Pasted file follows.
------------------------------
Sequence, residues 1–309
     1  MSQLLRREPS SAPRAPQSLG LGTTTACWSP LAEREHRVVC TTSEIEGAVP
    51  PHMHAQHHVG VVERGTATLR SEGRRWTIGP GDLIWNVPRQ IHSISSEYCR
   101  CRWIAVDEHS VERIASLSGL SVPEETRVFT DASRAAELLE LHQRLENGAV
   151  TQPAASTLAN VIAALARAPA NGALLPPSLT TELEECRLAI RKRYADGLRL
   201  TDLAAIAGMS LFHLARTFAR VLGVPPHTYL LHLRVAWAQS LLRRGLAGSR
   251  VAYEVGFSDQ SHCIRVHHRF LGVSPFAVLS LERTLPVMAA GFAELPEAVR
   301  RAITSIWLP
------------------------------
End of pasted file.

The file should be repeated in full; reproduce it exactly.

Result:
Sequence, residues 1–309
     1  MSQLLRREPS SAPRAPQSLG LGTTTACWSP LAEREHRVVC TTSEIEGAVP
    51  PHMHAQHHVG VVERGTATLR SEGRRWTIGP GDLIWNVPRQ IHSISSEYCR
   101  CRWIAVDEHS VERIASLSGL SVPEETRVFT DASRAAELLE LHQRLENGAV
   151  TQPAASTLAN VIAALARAPA NGALLPPSLT TELEECRLAI RKRYADGLRL
   201  TDLAAIAGMS LFHLARTFAR VLGVPPHTYL LHLRVAWAQS LLRRGLAGSR
   251  VAYEVGFSDQ SHCIRVHHRF LGVSPFAVLS LERTLPVMAA GFAELPEAVR
   301  RAITSIWLP